Loans can be a very tricky thing for players. Sometimes players come in and help teams at crucial moments, while other times they are viewed as supplemental roster pieces and struggle to see the field.
Historically, American players abroad have had a wide variety of loan experiences ranging from good, to bad, to embarrassing. In light of DeAndre Yedlin’s positive run at Sunderland in a successful bid to avoid relegation, here are the best loans and worst loans from American players:
THE SEVEN BEST AMERICAN LOANS
1. DeAndre Yedlin to Sunderland
There have been some really good loans for American players but this one really stood out for many reasons. First, it showed that Yedlin is Premier League quality. Other successful loans like Landon Donovan at Everton only confirmed what everyone knew -- that he was a good player. This loan really revealed a lot about Yedlin.
Second, that he could handle the extreme pressure of a Premier League relegation battle. That is one of the toughest stages for a young player and Yedlin handled it very well.
Finally, it might have proved to Klinsmann that Yedlin is ready to take the right back job for the U.S. team, a position proven difficult to fill since Steve Cherundolo’s retirement. So far, Klinsmann had primarily used Yedlin on the wing. His performance at Sunderland perhaps eliminated any doubt about Yedlin’s defensive ability.
2. Landon Donovan to Everton
In 2010, Landon Donovan went on a short-term, off-season loan to Everton from the Galaxy. Over two months, he played very well, scoring twice and endearing himself to Everton’s supporters. It was a positive experience for Donovan, who happily returned for another strong offseason loan in 2012.
The loan in 2010 turned out to be a very important part of Donovan’s career, even if it was brief, because it helped negate the experience of the terrible loan to Bayern Munich in 2009. It also provided evidence that the national team’s best ever player could perform well at a solid European team. Combined with his 2009 Confederation Cup performance, it gave Donovan confidence ahead of the 2010 World Cup where Donovan elevated himself into legendary status among U.S. national team fans.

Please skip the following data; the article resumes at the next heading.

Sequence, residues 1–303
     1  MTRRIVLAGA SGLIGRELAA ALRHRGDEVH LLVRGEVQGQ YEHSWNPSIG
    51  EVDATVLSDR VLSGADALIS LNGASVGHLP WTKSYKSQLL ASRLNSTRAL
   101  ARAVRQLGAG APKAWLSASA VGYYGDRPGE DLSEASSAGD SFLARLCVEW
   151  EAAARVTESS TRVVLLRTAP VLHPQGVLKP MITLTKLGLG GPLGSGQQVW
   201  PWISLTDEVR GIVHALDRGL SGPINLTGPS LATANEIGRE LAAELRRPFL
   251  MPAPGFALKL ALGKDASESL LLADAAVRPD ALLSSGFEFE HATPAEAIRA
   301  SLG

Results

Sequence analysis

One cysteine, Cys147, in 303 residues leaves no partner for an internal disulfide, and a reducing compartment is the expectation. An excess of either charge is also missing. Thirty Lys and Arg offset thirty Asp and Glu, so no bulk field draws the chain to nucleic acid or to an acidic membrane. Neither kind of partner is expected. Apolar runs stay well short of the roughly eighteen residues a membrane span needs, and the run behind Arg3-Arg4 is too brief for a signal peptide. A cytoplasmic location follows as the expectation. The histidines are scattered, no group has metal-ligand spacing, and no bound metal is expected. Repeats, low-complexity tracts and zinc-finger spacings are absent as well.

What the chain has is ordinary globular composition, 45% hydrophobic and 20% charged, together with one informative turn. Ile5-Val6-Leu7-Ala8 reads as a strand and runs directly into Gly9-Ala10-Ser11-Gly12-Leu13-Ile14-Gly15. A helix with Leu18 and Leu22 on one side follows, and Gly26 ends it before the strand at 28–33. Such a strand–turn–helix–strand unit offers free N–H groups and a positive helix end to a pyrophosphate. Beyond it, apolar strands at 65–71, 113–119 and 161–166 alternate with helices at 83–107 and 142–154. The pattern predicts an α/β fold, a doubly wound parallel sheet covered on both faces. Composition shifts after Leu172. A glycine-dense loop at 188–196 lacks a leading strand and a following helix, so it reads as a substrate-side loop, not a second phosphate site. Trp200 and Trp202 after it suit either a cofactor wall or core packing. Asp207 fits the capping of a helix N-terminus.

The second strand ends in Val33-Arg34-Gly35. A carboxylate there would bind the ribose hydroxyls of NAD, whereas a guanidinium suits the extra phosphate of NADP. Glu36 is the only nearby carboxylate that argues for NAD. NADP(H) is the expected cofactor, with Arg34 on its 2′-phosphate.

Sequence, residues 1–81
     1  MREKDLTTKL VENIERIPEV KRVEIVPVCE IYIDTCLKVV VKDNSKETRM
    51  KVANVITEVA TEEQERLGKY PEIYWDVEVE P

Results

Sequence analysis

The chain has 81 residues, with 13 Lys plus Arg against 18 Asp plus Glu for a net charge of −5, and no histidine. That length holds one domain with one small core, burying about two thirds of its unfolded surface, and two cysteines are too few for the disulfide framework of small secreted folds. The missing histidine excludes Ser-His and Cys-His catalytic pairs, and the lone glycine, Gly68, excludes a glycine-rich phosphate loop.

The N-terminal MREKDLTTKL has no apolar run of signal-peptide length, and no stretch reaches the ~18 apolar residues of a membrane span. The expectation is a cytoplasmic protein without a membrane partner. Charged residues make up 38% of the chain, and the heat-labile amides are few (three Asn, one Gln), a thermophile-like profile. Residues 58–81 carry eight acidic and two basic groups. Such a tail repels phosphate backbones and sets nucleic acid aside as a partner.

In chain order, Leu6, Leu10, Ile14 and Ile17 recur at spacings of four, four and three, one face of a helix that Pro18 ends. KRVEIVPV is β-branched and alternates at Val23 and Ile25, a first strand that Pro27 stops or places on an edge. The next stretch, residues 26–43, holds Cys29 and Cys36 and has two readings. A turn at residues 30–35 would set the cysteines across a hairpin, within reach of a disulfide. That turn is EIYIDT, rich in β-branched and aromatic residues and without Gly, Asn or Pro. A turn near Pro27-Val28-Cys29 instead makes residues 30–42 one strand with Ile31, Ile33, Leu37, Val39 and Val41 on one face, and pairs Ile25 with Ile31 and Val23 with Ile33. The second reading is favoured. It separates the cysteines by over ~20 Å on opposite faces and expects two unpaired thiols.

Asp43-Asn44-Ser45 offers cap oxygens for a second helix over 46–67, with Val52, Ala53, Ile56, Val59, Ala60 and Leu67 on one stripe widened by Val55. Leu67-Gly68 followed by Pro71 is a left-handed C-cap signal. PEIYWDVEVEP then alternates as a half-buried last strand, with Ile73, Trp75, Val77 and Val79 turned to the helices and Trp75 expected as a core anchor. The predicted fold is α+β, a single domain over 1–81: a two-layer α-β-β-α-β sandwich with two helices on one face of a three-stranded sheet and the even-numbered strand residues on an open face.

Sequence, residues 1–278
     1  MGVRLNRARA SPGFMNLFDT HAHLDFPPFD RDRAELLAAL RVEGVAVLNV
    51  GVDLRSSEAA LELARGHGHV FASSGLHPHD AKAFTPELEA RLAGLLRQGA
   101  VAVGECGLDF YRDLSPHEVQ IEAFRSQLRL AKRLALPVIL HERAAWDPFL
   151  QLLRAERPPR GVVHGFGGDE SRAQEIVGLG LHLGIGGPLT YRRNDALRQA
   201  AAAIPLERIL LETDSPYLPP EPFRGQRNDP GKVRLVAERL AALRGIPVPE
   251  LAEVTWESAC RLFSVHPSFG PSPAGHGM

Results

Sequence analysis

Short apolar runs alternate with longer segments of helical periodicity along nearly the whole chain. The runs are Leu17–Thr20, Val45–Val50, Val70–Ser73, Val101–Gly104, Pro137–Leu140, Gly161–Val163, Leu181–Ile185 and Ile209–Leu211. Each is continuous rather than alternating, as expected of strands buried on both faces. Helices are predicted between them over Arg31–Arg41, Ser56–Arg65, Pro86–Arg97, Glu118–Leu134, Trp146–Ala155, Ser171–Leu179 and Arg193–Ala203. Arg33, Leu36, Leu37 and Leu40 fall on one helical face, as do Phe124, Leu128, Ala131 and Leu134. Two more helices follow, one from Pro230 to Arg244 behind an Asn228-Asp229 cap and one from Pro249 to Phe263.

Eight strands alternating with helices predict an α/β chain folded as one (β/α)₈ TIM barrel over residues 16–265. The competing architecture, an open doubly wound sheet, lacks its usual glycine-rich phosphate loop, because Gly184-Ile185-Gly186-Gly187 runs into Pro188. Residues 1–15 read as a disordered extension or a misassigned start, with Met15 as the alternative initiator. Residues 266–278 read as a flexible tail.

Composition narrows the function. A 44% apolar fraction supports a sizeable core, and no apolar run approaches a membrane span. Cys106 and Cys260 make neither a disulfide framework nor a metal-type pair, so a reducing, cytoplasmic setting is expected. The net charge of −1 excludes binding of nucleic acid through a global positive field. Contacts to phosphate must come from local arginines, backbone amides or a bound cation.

3. Jermaine Jones to Blackburn
Jermaine Jones was solid Bundesliga midfielder in his early career. But a leg injury in 2009 sidelined him over a year and deprived him a chance to play in the 2010 World Cup.
When he returned from injury in 2010, he had a falling out with Schalke manager Felix Magath, who sent Jones to train with the reserves. In January 2011, Jones went on loan to the Premier League with Blackburn, performing very well in a relegation battle and becoming a fan favorite. Blackburn wanted to keep Jones but negotiations with Schalke were unsuccessful.
While he was on loan, Magath was fired and Jones returned to Schalke in a much better situation. This loan was extremely important in reestablishing Jones as a top player after a lengthy absence.
4. Tim Howard to Everton
When Tim Howard left the MetroStars for Manchester United in 2003, there were high hopes that the New Jersey native would become the next great American goalkeeper in the footsteps of Brad Friedel and Kasey Keller. Howard, however, struggled at Manchester United and after a few seasons signed Edwin van der Sar which signaled that Howard needed to make a move.
Howard joined Everton in 2006 on loan and finally lived up to his potential and the club signed Howard to a permanent deal in 2007. It started off a very strong relationship with the club which would last nearly a decade.
5. Brian McBride to Everton
In 2003, Brian McBride went on loan from Columbus Crew to Everton after impressing then Toffees boss David Moyes on an earlier loan at Preston North End. In a three-month loan, McBride scored four goals in eight games to help Everton, which had been struggling.
This loan was crucial for McBride because it helped attract interest from Fulham, who signed him in 2004 where he would go onto becoming a club legend.
6. Brad Guzan to Hull
Brad Guzan was a top American goalkeeping prospect when he moved abroad from Chivas USA to Aston Villa in 2008, but unfortunately was forced into the backup role behind fellow American Brad Friedel. In 2011, he was loaned to Hull City in the Championship and was able to get a regular taste of consistent playing time in England.
In the end, his loan was extended twice (one via an emergency loan) and it played an important role in his career in moving between a backup to a starter – a jump in which many goalkeepers struggle.
7. Eric Lichaj to Leeds
Eric Lichaj signed with Aston Villa in 2008 after one year at North Carolina. After two earlier loans to lower-league Lincoln City and Leyton Orient, Lichaj went on loan in the second half of the 2010-11 season to Leeds United in the Championship, where he succeeded at both the right back and left back.
The Chicago native proved to be a popular import to Elland Road and endeared himself to supporters. Despite wanting him to return, Leeds was unable to come to terms with Villa on a full transfer. Still, this loan paved the way for playing time at Villa followed by consistent Championship minutes with Nottingham Forest, where he plays today.
While the aforementioned loans saw U.S. players shine in Europe, the seven loans listed below are examples of those which did not work out.